You should have some swap just in case. Don’t need as much as is if you hibernate

If using BTRFS there are none that are required

Default is XFS which is fine or use ext4. There is little difference in FS any more

Thank you gogalthorp for your advices.

I will use a small swap partition then. Maybe 1 or 2GB is a good start. Do you think it’s a good practice to make it as the last partition on the drive?

Makes little difference these days with HD and none with SSD.

Make sense :slight_smile:

I am still thinking this like on a spin drive. But it’s true that I am not aware of the mechanism behind, such as how does the SSD store the contents. Is it pseudo random, or something like this, unlike the sequence from lower to higher in a spin drive?

It is random access memory just made to look like a drive organization.

It uses flash memory which has odd characteristics. The memory is setup in blocks which are mapped to the virtual sectors on the virtual drive the OS sees. Flash can not be changed it has to be erased a block at a time then it can store new data again. So any writes even a singly byte means that a block is moved to a recovery area (virtually not physically) and a new unused block is mapped in it’s place and can be written. The hardware then will erase the used block that was set aside at a convenient time and it is added back into the free block pool. Additional memory is provided to act as a pool. Flash has a finite number of erasers that can happen before it dies. But the hardware has what is known as write leveling procedures which assure erases are done balanced across all memory thus increasing the life of the device. Modern drives can sustain 100s of terabytes of writes and generally are rated at about 5 years normal usage before exhausting the extra memory pool and begin to deteriorate.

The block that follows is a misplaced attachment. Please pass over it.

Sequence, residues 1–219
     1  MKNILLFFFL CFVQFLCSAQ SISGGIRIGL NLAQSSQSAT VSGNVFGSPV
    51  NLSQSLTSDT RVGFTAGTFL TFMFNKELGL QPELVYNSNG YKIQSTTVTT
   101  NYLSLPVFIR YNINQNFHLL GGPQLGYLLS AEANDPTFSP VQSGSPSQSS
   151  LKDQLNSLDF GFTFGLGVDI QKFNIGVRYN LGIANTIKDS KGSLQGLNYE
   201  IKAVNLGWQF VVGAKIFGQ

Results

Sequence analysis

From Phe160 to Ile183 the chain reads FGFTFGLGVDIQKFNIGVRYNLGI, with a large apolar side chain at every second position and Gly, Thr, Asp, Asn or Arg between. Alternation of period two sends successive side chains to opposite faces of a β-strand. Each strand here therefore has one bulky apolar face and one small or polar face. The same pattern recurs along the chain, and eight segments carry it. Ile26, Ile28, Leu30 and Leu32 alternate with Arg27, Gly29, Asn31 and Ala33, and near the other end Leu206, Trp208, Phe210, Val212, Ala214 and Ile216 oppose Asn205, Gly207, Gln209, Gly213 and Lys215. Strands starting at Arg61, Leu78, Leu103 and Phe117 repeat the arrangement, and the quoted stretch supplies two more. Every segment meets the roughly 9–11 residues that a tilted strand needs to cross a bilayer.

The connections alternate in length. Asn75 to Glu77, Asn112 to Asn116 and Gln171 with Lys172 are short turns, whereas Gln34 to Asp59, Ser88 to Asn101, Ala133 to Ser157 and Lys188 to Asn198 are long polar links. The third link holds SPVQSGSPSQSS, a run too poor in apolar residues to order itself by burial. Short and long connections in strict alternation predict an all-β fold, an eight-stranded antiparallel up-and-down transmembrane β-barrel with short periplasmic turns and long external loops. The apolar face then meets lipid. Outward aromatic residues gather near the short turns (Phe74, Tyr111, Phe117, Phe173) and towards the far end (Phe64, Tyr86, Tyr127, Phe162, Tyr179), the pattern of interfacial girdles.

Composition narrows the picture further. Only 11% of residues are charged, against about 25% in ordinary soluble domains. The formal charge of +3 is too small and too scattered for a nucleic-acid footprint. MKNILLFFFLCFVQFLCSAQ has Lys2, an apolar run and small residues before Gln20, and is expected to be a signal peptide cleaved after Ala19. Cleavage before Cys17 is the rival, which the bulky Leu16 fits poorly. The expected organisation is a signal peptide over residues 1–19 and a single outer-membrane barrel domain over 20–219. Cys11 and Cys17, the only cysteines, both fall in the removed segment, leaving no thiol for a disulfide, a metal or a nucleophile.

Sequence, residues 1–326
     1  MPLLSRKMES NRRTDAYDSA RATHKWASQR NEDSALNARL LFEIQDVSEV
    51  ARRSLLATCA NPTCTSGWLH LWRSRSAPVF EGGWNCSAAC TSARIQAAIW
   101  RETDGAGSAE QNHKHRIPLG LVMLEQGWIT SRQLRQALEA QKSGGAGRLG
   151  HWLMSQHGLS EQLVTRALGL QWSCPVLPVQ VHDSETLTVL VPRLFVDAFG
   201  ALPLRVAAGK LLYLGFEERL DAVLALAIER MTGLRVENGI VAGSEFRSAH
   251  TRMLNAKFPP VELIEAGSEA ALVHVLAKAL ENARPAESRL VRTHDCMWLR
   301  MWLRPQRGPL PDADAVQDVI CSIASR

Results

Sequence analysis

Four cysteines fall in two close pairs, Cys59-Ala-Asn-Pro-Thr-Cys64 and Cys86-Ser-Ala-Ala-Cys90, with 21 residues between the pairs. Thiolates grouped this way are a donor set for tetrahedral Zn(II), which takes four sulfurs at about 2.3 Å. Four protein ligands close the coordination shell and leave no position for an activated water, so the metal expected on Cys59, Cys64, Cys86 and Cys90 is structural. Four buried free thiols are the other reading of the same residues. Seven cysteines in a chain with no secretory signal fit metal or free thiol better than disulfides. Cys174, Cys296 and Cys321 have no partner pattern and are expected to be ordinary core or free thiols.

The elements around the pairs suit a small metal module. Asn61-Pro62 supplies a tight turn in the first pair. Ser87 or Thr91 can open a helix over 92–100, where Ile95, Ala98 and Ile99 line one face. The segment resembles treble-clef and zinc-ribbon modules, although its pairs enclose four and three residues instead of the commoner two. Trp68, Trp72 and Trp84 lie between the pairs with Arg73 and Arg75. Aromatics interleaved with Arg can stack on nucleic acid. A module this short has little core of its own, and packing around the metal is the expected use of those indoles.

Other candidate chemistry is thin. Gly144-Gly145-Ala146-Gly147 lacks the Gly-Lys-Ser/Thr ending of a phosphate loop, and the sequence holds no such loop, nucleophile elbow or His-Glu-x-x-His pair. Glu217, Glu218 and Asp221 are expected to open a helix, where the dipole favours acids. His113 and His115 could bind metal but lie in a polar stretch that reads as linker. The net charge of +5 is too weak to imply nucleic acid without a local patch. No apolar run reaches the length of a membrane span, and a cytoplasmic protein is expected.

I use the following mount parameters in /etc/fstab for a ext4 FS

ext4       noatime,acl,user_xattr 1 1

noattime stops writing the date-time a file is accessed which happens often and reduces the life of a SSD

So more then you wanted to know??? :stuck_out_tongue:

I don’t think it matters. I have a lot of swap, but it is almost never used. And since it isn’t used, I’m doubting that there’s any “intensive task” happening.